Posts Tagged ‘Elizabethan drama’

Shakespeare: Much Ado About Nothing

January 27, 2016

51NjXWbSjBL._AA160_When I wrote about The Taming of the Shrew last month, I mentioned that I’d come late to the enjoyment of Shakespeare’s comedies, and considered some of the reasons. I’m back here again, having revisited Much Ado About Nothing, which I realise has some similarities with the former, particularly in the central male/ female relationship.

The idea of a comedy being a story – a drama – that ends happily, rather than something that you spend a lot of time laughing at, is a difficult one for us to take on board, although if tragedy is a story with an unhappy ending, then the contrast is logical. And in a Shakespearean comedy there is usually a good deal to laugh at, even if it isn’t the primary focus. And then there is the tragi-comedy – a drama of tragedy averted – as it was so succinctly put by my English teacher at school. There are certainly tragi-comic elements in Much Ado.

I don’t find the sharpness and the displays of wit between Beatrice and Benedick anywhere near as funny or as enjoyable as those between Petruchio and Katherine, though I do like the idea of their being so ‘up themselves’ that they can be manipulated into admitting that they fancy each other, love each other, and will marry. I do find the plot which leads to the public shaming of the chaste Hero quite a shocking element in a play which will eventually turn out to have a happy ending, and Claudio’s behaviour seems quite unforgivable: thank heaven for suspension of disbelief, I suppose. And there is a reminder that the first Elizabethans prized different things from us, found different things humorous, and different behaviours acceptable.

And then there’s Dogberry and the watch: I’ve always warmed to this bumbling crew with their hearts in the right place, and the whole happy ending depends on them, of course. Somehow their blundering and their malapropisms mean the mounties get their men, as it were, and we realise how much of the success of this play depends on overheard conversations, and who overhears them and what they do with that eavesdropped knowledge…

Because it’s a comedy, the punishment of the evil Don John is deferred beyond the end of the play: there is no real assurance that he will get what he deserves, unlike what is promised Iago, for example; again an instance of the difference between tragedy and comedy.

I have yet to see a performance of this play; I suspect I will enjoy it much more when it’s brought to life. I have a DVD of the recent RSC production which I must get around to watching.

Christopher Marlowe: The Jew of Malta

May 13, 2015

9780713677669The third play I’m looking forward to seeing at Stratford is Christopher Marlowe‘s The Jew of Malta. It’s a precursor of Shakespeare‘s Merchant of Venice, and in comparison makes that latter play seek like a model of political correctness!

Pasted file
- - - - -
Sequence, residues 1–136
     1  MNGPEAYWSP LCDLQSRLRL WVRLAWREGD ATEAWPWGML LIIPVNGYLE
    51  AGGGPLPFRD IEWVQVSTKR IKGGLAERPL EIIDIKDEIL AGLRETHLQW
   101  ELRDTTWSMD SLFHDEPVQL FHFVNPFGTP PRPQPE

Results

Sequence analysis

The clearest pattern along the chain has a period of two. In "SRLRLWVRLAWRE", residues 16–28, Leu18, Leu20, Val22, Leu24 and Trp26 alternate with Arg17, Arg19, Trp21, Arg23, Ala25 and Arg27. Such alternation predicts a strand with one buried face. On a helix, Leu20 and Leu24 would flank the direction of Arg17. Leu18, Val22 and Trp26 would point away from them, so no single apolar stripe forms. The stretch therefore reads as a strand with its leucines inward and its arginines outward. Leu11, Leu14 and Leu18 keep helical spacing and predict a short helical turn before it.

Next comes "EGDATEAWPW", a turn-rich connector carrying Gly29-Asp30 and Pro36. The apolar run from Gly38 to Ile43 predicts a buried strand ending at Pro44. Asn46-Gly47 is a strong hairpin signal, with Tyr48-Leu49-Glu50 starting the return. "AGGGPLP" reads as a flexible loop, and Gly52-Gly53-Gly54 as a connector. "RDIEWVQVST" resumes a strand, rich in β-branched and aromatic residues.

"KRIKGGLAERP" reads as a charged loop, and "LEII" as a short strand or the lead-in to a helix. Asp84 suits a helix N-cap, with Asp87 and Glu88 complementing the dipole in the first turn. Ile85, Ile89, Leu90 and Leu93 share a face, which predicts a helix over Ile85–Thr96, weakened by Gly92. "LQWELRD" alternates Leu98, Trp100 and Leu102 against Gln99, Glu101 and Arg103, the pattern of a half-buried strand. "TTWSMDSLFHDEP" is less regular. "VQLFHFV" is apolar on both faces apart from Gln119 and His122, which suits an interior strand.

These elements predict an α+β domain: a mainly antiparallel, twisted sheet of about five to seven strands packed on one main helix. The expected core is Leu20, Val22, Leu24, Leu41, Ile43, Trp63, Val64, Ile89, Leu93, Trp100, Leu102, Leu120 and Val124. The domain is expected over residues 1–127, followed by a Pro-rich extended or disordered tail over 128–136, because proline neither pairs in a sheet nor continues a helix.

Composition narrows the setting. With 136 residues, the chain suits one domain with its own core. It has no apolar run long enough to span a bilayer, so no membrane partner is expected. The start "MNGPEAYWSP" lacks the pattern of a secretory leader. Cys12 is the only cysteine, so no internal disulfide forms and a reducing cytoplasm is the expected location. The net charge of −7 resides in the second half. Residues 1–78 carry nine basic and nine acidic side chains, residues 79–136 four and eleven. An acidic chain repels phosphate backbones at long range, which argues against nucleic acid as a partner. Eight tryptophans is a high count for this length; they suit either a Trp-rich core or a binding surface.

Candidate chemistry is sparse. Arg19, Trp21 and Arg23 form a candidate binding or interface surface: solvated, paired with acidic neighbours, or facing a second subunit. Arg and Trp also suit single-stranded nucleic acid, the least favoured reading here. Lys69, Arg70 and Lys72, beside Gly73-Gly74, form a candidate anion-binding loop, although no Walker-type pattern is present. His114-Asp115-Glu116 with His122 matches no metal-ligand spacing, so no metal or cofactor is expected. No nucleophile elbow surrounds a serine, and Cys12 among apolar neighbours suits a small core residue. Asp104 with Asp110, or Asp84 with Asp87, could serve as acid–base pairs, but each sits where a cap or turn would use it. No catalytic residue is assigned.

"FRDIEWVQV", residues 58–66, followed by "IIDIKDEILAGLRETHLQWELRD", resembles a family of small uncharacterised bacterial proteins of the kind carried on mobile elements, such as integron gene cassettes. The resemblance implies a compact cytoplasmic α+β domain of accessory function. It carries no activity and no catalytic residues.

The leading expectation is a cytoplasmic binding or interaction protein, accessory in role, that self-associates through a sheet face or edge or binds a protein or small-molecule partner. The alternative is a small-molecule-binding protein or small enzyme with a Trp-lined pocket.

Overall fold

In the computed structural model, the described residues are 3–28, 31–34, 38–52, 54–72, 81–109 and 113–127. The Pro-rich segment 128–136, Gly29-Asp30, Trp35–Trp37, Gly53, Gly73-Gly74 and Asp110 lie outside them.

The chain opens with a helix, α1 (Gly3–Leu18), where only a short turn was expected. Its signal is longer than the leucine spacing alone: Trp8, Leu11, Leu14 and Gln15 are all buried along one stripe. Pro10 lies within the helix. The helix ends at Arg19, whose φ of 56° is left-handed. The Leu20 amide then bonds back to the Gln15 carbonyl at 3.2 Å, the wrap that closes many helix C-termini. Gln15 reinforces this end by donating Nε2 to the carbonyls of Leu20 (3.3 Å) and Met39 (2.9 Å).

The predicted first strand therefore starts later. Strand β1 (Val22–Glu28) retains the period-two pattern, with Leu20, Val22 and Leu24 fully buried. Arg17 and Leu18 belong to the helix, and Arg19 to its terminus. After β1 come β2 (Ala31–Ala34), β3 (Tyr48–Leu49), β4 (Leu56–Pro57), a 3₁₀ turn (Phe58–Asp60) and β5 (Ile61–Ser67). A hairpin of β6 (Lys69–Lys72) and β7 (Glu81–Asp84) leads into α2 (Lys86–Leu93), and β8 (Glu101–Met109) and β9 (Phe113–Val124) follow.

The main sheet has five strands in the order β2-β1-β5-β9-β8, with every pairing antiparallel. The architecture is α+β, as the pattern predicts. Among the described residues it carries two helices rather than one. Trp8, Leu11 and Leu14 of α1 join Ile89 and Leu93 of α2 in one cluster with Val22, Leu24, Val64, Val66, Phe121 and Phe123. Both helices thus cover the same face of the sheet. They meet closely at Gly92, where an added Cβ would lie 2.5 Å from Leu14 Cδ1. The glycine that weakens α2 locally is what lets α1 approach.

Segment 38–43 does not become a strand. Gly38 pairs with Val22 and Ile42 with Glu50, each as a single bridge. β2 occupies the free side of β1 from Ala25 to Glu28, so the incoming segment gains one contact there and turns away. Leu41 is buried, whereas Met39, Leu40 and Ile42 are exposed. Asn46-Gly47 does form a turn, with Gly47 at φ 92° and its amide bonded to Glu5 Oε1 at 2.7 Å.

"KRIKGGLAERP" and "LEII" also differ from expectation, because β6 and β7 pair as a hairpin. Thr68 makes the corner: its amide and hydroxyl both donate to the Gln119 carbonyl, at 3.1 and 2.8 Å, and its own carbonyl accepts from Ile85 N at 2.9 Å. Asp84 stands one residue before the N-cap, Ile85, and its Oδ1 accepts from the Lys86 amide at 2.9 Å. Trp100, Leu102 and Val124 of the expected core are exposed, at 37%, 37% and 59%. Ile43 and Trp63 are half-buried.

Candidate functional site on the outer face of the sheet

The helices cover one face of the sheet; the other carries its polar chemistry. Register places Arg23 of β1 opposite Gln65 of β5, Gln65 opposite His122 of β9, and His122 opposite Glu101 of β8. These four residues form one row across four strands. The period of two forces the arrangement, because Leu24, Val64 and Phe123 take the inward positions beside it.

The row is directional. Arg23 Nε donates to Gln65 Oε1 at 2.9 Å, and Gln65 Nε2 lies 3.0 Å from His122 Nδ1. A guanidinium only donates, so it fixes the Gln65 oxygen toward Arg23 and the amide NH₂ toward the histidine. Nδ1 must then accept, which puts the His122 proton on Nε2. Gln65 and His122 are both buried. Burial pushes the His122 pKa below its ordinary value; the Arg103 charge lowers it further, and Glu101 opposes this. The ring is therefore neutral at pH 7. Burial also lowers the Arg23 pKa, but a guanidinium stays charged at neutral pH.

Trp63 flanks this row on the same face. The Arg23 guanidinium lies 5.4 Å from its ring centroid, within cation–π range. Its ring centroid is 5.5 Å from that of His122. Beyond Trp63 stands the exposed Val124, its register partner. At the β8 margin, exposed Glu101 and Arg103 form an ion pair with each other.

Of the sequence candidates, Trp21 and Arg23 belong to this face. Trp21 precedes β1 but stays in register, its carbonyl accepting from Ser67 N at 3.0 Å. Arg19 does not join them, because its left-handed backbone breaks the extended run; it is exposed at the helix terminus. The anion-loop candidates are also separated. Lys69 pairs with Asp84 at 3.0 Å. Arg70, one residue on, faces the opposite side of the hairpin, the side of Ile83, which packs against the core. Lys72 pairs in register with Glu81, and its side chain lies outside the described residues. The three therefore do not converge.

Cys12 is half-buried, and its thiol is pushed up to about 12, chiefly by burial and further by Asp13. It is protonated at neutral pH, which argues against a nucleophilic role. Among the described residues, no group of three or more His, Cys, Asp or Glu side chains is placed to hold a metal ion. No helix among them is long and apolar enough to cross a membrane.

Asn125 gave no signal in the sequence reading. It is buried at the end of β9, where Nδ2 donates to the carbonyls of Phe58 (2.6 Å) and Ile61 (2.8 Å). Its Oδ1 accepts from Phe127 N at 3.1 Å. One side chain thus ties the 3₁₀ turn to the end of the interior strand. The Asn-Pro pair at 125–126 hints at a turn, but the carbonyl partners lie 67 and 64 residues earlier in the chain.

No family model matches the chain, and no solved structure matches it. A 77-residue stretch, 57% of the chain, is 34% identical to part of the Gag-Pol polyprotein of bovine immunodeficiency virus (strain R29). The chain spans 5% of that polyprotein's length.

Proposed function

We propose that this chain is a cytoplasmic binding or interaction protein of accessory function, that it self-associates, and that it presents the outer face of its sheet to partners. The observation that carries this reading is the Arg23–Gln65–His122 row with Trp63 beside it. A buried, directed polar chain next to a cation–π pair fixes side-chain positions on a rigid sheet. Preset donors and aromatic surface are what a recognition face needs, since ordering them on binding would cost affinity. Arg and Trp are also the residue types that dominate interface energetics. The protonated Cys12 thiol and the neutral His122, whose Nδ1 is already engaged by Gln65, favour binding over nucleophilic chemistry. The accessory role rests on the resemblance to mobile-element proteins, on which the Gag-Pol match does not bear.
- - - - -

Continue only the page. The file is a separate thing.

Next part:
The wealthy merchant in Marlowe’s play is a rich Jew Barabbas, who revels in his money, jewels and luxury, and is renowned for his greed and selfishness among his own people. Antagonism between Jews and Christians is there from the outset (and it must be said that the behaviour of the Christians is far from exemplary): the state seizes Barabbas’ assets to repay tribute owed to the Turks. Having got his money, they later renege on the deal with the Turks, too. His daughter Abigail helps him retrieve some hidden wealth by pretending to become a nun; later, when she discovers that her father has engineered a duel in order to kill off her suitor, she really becomes a nun, at which point her father engineers the poisoning of the entire convent…

We see Barabbas’ increasing rage and growing insanity; he is aided by his Turkish slave Ithamore, who eventually double-crosses him… there is clearly no honour in any race or religion in this play. The end comes when Barabbas betrays the island to the Turks, and then tries his own double-cross by betraying them to the Christians: the Christians double-cross him and come out tops, killing Barabbas, after he has caused the slaughter of the Turkish forces, so that they have the Turks’ leaders as hostages…

What to make of all this? Firstly, it’s fast-paced, and great fun, if you completely ignore the racism, and general vileness of all the characters, and I suspect it will make wonderful theatre. When I compared Marlowe with Shakespeare in terms of their respective plays, I was struck by the crudity of Marlowe’s characters, and the rambling, almost make-it-up-as-you-go-along nature of the plot. Marlowe’s plot is linear (apart from the minor subplot involving the snaring of Ithamore), Shakespeare’s is tight, involved, complex (there are several subplots) and the scenes are interwoven to heighten the sense of the drama. Marlowe has some wonderful language, as he does in other of his plays, but Shakespeare’s characters in the Merchant of Venice probably outdo him.

I suspect it will be fast, crazy, almost knock-about stuff (just as Arden of Faversham turned out to be last year) and that my picture of the Elizabethan stage will be further broadened: it’s wasn’t just Shakespeare that the punters went to see…



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